Venezuela revolution challenged one year after Chavez’s death

Nation pauses to remember Venezuelan president amid protests against his successor, Nicolas Maduro

A sticker on a car window in Caracas honors late Venezuelan President Hugo Chavez.
John Moore/Getty Images

Followers of the late Venezuelan leader Hugo Chavez took to the streets on Wednesday to mark the anniversary of his death, a sad but welcome distraction for his successor, who has faced nearly a month of violent protests.

A year after Chavez succumbed to cancer at the age of 58, his self-proclaimed "son," President Nicolas Maduro, faces a challenge to his rule from an explosion of anti-government demonstrations that have led to clashes with security forces and 18 deaths.

Wednesday's military parade and other events to honor “El Comandante” were a chance for Maduro to reclaim the streets and show opponents that he too can mobilize.

"This anniversary is enormously sad. There's not a single day I don't remember Hugo," Chavez's cousin Guillermo Frias, 60, said from Los Rastrojos village in rural Barinas state, where the pair used to play baseball in the street as kids.

Chavez always said his socialist project would last decades, but even some of his most fervent supporters are having their doubts.

The desperation of Venezuelans is growing, along with the length of the queues outside state-run markets that reflect the economy's downward spiral and helped trigger a wave of protests in mid-February.

"When the head of household is absent, as we say around here, things start to get out of control," said Pablo Nieves, a community leader in the poor 23 de Enero district of Caracas, the capital. "If he were still with us, it would have never gotten to this."

While comrades may laud the man who transformed Venezuela during a 14-year reign by championing its poor, many don't agree with Nieves that Chavez could mend its compounding woes.

And many blame mismanagement by Chavez himself.

The opposition did not call any protests for Wednesday in the capital, though Foro Penal, which provides lawyers for detainees, did announce a march in the central industrial city of Valencia.

In a stalemate, the opposition is struggling to broaden its support base against the socialist government, which rejects it as "putschist" and has been aided in repressing demonstrations by menacing "collectives" of motorcycle-riding thugs. The protesters blame the "collectives" for some of the 18 deaths the government says the unrest has reaped.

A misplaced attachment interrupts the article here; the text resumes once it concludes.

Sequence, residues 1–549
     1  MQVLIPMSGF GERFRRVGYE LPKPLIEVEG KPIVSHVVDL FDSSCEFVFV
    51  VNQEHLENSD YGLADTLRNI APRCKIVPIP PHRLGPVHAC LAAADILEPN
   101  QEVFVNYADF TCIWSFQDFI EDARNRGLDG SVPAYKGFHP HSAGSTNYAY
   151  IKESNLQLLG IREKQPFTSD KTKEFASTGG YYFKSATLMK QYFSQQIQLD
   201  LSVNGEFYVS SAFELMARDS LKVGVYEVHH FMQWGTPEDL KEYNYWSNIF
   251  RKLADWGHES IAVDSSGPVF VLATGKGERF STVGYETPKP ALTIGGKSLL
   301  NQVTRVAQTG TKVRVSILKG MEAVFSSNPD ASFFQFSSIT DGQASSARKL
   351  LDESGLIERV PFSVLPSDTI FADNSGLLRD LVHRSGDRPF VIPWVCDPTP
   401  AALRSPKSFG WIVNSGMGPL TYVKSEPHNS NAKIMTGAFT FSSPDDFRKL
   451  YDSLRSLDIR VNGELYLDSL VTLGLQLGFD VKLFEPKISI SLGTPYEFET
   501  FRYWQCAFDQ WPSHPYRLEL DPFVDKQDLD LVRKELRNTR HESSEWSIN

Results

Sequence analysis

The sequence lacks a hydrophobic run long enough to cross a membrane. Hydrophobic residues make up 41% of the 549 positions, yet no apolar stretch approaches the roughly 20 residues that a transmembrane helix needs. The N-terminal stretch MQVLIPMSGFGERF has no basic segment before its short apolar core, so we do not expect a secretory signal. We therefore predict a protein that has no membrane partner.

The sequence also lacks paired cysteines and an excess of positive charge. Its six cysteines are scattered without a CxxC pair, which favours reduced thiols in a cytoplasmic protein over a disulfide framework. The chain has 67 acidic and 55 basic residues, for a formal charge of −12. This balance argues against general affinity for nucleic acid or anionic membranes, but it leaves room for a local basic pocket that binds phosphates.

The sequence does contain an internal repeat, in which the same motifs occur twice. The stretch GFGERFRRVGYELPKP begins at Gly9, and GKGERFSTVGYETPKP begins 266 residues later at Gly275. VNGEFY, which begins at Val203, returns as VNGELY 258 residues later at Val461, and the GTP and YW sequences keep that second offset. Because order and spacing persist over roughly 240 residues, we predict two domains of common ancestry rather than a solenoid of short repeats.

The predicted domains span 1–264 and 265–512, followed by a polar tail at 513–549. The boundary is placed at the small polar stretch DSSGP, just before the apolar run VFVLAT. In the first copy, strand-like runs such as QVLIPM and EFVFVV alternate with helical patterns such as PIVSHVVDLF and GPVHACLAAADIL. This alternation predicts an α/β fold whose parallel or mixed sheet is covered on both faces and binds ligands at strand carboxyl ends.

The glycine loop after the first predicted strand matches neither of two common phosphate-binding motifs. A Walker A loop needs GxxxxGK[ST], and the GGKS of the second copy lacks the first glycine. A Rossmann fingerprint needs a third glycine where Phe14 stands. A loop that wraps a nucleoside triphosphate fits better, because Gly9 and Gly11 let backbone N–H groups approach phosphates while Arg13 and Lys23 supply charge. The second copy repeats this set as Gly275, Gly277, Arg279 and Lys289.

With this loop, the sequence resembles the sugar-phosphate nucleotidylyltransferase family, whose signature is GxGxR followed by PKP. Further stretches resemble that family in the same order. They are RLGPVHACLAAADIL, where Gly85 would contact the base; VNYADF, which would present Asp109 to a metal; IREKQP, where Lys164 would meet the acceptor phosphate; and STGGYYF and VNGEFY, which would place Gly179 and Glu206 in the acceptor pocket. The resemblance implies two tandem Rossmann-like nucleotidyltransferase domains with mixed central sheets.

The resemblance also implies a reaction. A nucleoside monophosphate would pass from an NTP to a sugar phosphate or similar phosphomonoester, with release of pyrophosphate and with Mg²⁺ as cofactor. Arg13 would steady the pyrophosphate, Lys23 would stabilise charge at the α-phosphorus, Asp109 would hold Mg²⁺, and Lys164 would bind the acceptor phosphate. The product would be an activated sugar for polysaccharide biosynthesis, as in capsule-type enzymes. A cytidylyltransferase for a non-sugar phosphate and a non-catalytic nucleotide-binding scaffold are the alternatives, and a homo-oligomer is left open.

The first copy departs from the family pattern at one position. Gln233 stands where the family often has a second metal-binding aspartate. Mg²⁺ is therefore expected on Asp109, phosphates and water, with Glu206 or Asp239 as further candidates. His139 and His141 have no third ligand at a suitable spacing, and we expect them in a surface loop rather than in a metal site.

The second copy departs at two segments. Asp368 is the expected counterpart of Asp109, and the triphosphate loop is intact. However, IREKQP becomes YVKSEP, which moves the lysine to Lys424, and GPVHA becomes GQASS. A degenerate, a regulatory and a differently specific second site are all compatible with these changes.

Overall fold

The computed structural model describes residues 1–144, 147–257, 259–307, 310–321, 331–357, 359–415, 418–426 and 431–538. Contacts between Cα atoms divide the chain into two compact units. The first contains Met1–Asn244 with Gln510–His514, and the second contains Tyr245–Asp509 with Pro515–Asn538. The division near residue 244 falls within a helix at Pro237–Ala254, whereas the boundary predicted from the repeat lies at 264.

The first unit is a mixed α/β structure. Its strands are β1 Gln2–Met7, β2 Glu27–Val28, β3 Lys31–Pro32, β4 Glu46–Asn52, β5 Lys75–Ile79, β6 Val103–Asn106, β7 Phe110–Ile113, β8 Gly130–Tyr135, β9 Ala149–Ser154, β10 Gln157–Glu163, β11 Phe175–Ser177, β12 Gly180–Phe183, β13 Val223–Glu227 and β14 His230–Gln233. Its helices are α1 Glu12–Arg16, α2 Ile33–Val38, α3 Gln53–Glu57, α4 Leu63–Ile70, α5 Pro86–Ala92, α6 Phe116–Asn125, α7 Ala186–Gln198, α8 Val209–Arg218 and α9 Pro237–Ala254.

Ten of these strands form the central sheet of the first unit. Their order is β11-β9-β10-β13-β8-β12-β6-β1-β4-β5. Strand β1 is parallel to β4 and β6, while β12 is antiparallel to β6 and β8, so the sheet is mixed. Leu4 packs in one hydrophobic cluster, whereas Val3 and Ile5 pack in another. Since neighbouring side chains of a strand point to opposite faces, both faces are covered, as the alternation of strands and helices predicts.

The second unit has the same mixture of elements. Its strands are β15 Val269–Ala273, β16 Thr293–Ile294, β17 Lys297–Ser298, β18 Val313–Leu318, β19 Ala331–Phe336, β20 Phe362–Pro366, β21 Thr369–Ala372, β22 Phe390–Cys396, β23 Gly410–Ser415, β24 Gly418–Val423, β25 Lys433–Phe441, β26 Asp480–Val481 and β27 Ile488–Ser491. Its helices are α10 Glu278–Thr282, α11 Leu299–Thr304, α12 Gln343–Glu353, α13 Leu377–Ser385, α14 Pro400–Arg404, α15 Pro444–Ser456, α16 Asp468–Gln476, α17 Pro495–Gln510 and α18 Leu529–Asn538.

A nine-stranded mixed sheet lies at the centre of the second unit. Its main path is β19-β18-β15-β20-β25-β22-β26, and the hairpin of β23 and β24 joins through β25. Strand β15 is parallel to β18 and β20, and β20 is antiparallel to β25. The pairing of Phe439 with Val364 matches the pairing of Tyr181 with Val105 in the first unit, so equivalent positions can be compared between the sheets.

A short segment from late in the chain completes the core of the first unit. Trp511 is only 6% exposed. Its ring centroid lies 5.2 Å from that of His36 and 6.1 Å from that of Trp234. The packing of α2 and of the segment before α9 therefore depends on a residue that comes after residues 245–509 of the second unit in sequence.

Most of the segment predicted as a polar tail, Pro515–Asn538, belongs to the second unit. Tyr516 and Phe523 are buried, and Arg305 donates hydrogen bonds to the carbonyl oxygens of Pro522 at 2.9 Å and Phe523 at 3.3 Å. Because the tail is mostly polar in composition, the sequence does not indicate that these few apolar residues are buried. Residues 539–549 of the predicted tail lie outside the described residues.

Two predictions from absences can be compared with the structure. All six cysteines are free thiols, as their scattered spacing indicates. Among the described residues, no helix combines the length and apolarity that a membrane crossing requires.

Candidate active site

More than 1,000 protesters have been detained and 72 people face charges, including eight members of the SEBIN political police.

Maduro's government, meanwhile, has shown itself unable to halt 56 percent annual inflation and crippling currency controls that have fueled a growing scarcity of consumer basics — from milk to flour to cooking oil. The central bank's scarcity index was its highest ever in January, at 28 percent.

This nation with the world's largest proven oil reserves is becoming, to some, as destitute as Cuba, the socialist ally whose economy it helps prop up with oil shipments.

Former import-export and oil executives are driving cabs, while workers from other collapsed industries struggle to find new lines of work.

Hugo Faundes studied culinary arts after being fired from the state-run oil company, PDVSA, for what he said were political reasons.

"Now that I've graduated there's nothing to cook," the Valencia man said with a dark laugh.

Tens of thousands have emigrated, and not just in search of economic opportunities. They flee one of the world's worst violent-crime rates and a health care system nearing collapse.

Students have engaged National Guardsmen in nearly nightly cat-and-mouse street battles since the unrest exploded Feb. 12. They've turned the wealthy Caracas district of Altamira into ground zero, honeycombing its center with debris barricades. But most protesters have been peaceful.

Maduro has tried to engage the opposition in a "peace dialogue," but it refuses, demanding he first release all political detainees, including top opposition leader Leopoldo Lopez; disarm the gangs that menace protesters; and kick out the Cubans it claims pull the strings in the government and military.

The government, in turn, accuses the United States of fomenting the unrest, and kicked out three U.S. diplomats last month. That move followed a pattern: The day Chavez died, it expelled two U.S. military attaches.

U.S. Secretary of State John Kerry has lamented that his government is being blamed for things he says it never did.

U.S. Rep. Gregory Meeks, a New York Democrat, has long praised Chavez's commitment to improving the lives of Venezuela's poor and attended his funeral. But Meeks planned to sit out the commemoration, saying he was "a little nervous" about events in Venezuela.

"There was always opposition, but when there were demonstrations in the streets in the past I never heard of individuals being killed by anybody in the government," he said. "It gives me real concerns as to where the country is headed."

Al Jazeera and wire services 

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